Criminals sometimes suffered public punishment at the courthouse, often on market days when a great number of people could watch. Six months after Moraley’s walk, according to the Pennsylvania Gazette, Richard Evans “received 39 Lashes at the publick Whipping-post, having been convicted of Bigamy.” A few weeks later, “Griffith Jones, and one Glascow an Indian, stood an hour in the Pillory together, and were afterwards whipt round the Town at the Carts Tail, both for Assaults with Intent to ravish” a woman and young girl. Five days after Moraley passed the courthouse, a jury sitting there found two servants, James Mitchel and James Prouse, guilty of stealing seven pounds (equivalent to three months income for a day laborer) from a barber’s house in Front Street. The judge sentenced them to death for a crime of such an “enormous Nature.” A month later, a large crowd gathered at the prison (at the west end of the market) “to see these unhappy young Men brought forth to suffer.” They were placed in a cart, “together with a Coffin for each of them,” and carried to “the fatal Tree” for hanging. At the last minute, with the ropes around their necks, the governor spared their lives with a pardon, thereby pleasing not only Mitchel and Prouse but also the “common People, who were unanimous in their loud Acclamations of God bless the Governor for his Mercy.”
The butchers’ shambles, where animals were slaughtered and sold on Sundays, abutted the courthouse. Moraley strolled along this smelly, fly-infested market, past Strawberry Alley and White Horse Alley. In 1682, William Penn had planned a “greene countrie towne” comprised of immense houses situated on large lots surrounded by orchards, which he expected would expand rapidly westward. However, Philadelphians soon ignored the design, instead carving up the grand blocks with numerous alleys and congregating densely along the Delaware River, the economy’s lifeline. William Stapler, tin man, peddled small metal goods in his store along High Street. Next door, shopkeeper John Le sold diverse items imported from London, ranging from diapers and tablecloths to gunpowder and snuff.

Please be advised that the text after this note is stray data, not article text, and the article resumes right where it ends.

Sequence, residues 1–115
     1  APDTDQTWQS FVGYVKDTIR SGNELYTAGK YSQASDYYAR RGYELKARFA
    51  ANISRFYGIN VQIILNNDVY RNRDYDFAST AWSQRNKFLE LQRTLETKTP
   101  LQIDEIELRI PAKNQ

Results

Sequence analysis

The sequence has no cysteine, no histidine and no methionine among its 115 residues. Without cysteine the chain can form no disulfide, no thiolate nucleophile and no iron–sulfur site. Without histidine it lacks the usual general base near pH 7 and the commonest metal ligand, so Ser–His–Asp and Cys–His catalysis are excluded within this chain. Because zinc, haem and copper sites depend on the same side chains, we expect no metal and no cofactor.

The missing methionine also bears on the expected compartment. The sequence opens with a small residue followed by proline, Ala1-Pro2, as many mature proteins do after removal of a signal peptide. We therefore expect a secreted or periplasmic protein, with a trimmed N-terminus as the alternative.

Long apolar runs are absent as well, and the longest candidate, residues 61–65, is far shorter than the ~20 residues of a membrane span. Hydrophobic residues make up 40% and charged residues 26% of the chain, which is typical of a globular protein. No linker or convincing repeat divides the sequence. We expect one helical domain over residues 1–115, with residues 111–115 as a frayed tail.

Members of the First Presbyterian Church adjacent to Le’s shop may have purchased some of their Bibles from him. The continual arrival of Scots and Scots-Irish immigrants expanded the Presbyterian congregation, which accounted for roughly one of every ten Philadelphians. William Penn’s liberal policy of toleration had encouraged settlement by people with various religious beliefs. Anglicans were the most numerous in the city, with Quakers a close second. Baptists, Swedish and Dutch Lutherans, Dutch Calvinists, and a handful of Catholics also worshiped there. African slaves practiced their own beliefs as best as they could. The medley of tongues that Moraley heard near the market matched this diversity of religions. Besides English, Dutch, German, French, Spanish, Portuguese, and Gaelic, Philadelphians spoke a host of African and Native American languages. Indeed, Christ Church, the Anglican house of worship currently under construction, would hold sermons in “Welch” as well as English.
Across White Horse Alley on High Street was the Sign of the Conestoga Wagon, where the proprietor kept “good Entertainment for Man and Horses at reasonable rates.” Its “large Yard Room for Waggons and Cattle” made it a convenient place “for Killing and Dressing of Hogs” to be sold across the street at the shambles. Farmers often stayed there when bringing their livestock to market. A few paces further, Moraley came to the Sign of the Indian King, a prominent public house run by Owen Owen, a former city sheriff. The inn offered both lodging and alcohol. About one hundred licensed taverns–approximately one for every seventy-five residents–served a very hard-drinking population in the city. The Indian King was a substantial structure. It contained eighteen rooms, fourteen of which had fireplaces, a large brick kitchen, and a two-story stable that would accommodate one hundred horses and fifty tons of hay. The Society of Ancient Britons met there for a feast each year before attending the Welch sermon at Christ Church.